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  • This applet is designed to teach an application of probability. This java applet works by simulating a situation where a three stage rocket is about to be launched. In order for a successful launch to occur all three stages of the rocket must successfully pass their pre-takeoff tests. By default, each stage has a 50% chance of success, however, this can be altered by dragging the bar next to each stage.
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  • In this applet, we simulate a series of hypothesis of tests for the value of the parameter p in a Bernoulli random variable. Each column of red and green marks represents a sample of 30 observations. "Successes'' are coded by green marks and "failures'' by red marks.
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  • This applet simulates rolling dice to illustrate the central limit theorem. The user can choose between 1, 2, 6, or 9 dice to roll 1, 5, 20, or 100 times. The distribution is graphically displayed. This applet needs to be resized for optimal viewing.
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  • This activity allows the user to simulate pulling red and green balls out of three boxes. The boxes are pre-arranged so that there are two red balls in one box, two green balls in another, and one green and one red ball in the third. The user can shuffle the order of the boxes and the order of the balls in the boxes. To run in single trial mode, click on one of the box to see if the first ball is green. If it is, click on the box again to see if the second ball is green also. A count will be kept of the results. To run in multiple trial mode, enter the number of trials desired in the box and click on the run multiple trials button. This activity would work well in groups of two to three for about twenty minutes if you use the exploration questions provided and ten minutes otherwise.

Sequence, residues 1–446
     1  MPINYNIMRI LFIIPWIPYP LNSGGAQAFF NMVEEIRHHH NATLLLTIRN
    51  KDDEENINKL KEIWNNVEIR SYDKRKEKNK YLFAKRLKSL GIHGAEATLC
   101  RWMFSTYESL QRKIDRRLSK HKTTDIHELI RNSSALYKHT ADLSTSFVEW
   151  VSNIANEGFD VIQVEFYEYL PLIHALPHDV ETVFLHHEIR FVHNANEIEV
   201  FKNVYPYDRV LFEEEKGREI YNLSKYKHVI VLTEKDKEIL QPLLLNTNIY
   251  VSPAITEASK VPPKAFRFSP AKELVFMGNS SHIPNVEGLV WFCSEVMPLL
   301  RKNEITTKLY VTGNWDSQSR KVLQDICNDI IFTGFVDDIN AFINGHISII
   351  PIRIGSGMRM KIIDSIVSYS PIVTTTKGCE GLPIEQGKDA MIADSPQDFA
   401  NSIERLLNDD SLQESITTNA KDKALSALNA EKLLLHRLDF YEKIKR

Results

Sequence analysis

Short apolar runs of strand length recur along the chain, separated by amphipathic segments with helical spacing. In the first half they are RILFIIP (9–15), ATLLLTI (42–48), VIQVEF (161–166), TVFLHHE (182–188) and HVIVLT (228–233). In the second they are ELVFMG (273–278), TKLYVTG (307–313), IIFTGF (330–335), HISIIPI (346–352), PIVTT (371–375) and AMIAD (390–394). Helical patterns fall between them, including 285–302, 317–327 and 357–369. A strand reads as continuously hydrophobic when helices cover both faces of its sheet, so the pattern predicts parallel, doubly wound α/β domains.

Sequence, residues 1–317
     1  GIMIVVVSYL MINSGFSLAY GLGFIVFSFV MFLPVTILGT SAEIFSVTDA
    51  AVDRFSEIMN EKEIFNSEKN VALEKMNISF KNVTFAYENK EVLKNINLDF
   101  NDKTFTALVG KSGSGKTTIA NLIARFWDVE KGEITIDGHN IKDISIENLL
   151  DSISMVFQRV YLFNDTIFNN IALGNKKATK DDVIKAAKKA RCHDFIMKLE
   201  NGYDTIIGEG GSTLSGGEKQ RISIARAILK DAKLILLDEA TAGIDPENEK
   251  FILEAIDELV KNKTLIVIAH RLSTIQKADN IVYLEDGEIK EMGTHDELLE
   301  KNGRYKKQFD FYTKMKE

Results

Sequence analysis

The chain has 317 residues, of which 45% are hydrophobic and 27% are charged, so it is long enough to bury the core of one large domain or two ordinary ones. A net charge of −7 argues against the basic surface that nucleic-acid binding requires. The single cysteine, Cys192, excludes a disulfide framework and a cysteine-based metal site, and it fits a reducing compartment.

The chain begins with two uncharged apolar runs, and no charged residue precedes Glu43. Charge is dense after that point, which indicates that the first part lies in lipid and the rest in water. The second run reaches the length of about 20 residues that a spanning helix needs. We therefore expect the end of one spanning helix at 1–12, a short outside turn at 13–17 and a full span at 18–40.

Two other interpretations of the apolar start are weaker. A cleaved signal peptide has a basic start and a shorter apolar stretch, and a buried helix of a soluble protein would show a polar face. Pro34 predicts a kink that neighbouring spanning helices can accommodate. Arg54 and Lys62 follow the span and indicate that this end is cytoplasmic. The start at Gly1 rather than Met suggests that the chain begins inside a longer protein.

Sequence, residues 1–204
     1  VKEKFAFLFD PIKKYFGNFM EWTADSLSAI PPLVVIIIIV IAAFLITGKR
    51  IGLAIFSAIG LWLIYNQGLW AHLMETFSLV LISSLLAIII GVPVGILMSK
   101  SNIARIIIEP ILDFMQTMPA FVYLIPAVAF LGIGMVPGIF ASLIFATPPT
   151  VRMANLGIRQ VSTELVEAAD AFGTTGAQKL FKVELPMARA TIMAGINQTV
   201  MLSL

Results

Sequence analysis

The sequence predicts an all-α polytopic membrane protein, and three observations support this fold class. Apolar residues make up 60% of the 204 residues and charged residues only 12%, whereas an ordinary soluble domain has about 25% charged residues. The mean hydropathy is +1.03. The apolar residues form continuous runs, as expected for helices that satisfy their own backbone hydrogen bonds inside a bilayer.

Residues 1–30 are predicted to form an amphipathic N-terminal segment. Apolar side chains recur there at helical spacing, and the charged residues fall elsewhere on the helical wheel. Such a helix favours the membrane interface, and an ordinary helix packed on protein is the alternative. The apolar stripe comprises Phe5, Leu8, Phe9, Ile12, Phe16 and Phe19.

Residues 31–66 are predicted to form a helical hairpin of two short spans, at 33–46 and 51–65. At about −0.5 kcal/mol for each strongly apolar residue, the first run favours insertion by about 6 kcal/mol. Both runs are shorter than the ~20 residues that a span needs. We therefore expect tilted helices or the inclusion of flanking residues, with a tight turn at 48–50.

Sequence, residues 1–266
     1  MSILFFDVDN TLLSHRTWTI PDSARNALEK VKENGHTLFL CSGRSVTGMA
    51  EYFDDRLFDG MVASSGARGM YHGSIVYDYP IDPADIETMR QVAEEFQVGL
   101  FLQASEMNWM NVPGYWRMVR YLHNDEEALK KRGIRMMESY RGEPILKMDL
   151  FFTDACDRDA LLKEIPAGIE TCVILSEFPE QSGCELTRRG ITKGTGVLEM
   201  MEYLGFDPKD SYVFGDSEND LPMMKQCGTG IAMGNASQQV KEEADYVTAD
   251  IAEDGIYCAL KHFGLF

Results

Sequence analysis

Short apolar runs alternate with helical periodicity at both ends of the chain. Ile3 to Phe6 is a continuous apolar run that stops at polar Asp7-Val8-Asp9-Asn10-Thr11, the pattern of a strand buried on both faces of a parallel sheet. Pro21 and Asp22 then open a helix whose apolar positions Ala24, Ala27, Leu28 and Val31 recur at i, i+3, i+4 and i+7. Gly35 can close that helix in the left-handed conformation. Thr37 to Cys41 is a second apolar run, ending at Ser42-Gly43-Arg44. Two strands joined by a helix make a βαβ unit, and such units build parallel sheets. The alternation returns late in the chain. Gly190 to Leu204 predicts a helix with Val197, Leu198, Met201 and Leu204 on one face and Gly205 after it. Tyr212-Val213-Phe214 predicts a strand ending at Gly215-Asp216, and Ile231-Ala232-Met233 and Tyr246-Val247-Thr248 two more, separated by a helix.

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  • Gives an overview of variables, classifications, measurements, relations, and other basic statistical concepts. Also contains two animated graphs.
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  • This tutorial introduces 9 sources of threat to internal vailidity and asks the user to classify hypothetical experiments as either internally valid or invalid and identify the source of threat if invalid.
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  • This chapter of the HyperStat Online Textbook discusses in detail sampling distributions of various statistics (mean, median, proportions, correlation, etc.), differences between such statistics, the Central Limit Theorem, and standard error, giving formulas, examples, and exercises.
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  • This site has a wide collection of statistical objects inluding an online textbook covering first-year non-calculus based statistics (e.g. Normal distribution, ANOVA, Chi-Square). There is a simulation/demonstration section containing Java Applets on these first-year topics (ANOVA, Binomial Distribution,Central Limit Theorem, Chi Square, Confidence Interval, Correlation, Central Tendency, Effect Size, Goodness of Fit, Histogram, Normal Distribution, Power, Regression, Repeated Measures, Restriction of Range, Sampling Distribution, Skew, t-test, Transformations). Additionally, this page contains links for 10 case studies covering the topics in the first-year statistics course. There is also a page with some basic statistical analysis tools that will aid in doing the computations.
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  • The t-distribution activity is a student-based in-class activity to illustrate the conceptual reason for the t-distribution. Students use TI-83/84 calculators to conduct a simulation of random samples. The students calculate standard scores with both the population standard deviation and the sample standard deviation. The resulting values are pooled over the entire class to give the simulation a reasonable number of iterations.
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  • This PowerPoint presentation teaches sampling distributions related to proportions and means using multiple examples, charts, and graphs.
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